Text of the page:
I enjoyed this book tremendously! Wonderful setting, interesting characters, a little bit of science, a little bit of humor and lots of action. I read Bill Bass's nonfiction work Death's Acre first, but that really isn't necessary to appreciate this great read!
Renowened anthropologist Dr. Bill Brockton has spent his career surrounded by death at the Body Farm. Now he's being called upon to help solve a baffling puzzle in a remote mountain community. The mummified corspe of a young woman dead for about thrity years has been discovered in a cave, the body bizarrely preserved and transformed by the enviroment's unique chemistry. But Brockton's investigation is threathening to open old wounds among an insular people who won't forget or forgive. And a long buried secret prematurely exposed could inflame Brockton's own guilt-and the dangerous hostility of bitter enemies determined to see him fail......by any means necessary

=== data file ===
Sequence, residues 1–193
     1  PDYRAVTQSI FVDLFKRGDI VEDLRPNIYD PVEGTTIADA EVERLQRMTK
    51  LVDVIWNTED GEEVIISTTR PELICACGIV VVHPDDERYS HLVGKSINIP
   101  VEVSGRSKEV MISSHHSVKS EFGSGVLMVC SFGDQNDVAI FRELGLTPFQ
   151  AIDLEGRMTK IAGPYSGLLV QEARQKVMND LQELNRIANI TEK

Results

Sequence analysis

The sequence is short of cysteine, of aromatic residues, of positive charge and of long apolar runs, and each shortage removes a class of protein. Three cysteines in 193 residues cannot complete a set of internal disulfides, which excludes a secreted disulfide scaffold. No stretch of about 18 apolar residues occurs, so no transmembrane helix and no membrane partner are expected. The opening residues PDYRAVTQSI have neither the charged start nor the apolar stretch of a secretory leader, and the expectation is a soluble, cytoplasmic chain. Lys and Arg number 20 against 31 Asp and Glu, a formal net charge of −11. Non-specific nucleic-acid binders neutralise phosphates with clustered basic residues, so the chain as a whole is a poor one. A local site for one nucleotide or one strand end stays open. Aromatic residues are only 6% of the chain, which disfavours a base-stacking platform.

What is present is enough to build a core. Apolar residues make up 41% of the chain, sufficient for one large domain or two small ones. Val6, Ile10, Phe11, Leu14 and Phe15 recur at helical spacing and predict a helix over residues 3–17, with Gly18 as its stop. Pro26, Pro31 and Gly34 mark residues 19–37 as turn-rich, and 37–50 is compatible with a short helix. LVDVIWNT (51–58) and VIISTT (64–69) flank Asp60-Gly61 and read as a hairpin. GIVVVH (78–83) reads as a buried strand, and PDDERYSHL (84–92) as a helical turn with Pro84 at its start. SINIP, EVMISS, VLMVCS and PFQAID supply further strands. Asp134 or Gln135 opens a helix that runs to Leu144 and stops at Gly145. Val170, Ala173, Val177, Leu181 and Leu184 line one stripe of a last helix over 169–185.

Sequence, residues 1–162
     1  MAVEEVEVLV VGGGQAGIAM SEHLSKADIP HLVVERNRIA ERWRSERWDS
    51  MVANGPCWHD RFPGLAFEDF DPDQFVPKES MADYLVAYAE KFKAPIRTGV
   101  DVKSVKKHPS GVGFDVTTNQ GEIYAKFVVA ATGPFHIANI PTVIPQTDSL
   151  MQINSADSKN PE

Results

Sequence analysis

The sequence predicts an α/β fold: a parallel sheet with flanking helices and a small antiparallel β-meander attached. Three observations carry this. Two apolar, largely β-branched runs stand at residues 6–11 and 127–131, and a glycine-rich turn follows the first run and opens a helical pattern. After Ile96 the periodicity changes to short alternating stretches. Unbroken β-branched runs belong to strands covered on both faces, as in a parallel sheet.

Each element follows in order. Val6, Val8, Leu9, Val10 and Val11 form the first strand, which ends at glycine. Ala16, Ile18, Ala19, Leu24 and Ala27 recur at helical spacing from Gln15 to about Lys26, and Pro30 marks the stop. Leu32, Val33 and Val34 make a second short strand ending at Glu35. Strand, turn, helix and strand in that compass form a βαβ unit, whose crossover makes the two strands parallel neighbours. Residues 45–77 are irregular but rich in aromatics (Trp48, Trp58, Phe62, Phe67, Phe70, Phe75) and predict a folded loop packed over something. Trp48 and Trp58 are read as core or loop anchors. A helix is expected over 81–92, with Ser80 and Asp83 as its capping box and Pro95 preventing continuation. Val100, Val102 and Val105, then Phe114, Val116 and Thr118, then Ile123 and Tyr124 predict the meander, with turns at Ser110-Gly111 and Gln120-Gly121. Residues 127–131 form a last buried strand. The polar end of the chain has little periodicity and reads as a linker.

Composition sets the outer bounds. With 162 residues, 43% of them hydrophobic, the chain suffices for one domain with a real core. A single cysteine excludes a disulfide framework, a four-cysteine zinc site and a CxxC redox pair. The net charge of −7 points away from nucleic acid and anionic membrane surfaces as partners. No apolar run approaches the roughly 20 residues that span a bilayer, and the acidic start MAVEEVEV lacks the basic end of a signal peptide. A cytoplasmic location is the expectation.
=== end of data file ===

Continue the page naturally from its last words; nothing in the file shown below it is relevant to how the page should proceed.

I really liked this book, glad I started out reading this one first as I found out there other books to follow. I enjoyed the writers style of writing and the medical terminology used.
This book kept me on the edge till the very end, I didn't expect to find the person I thought was the killer wasn't.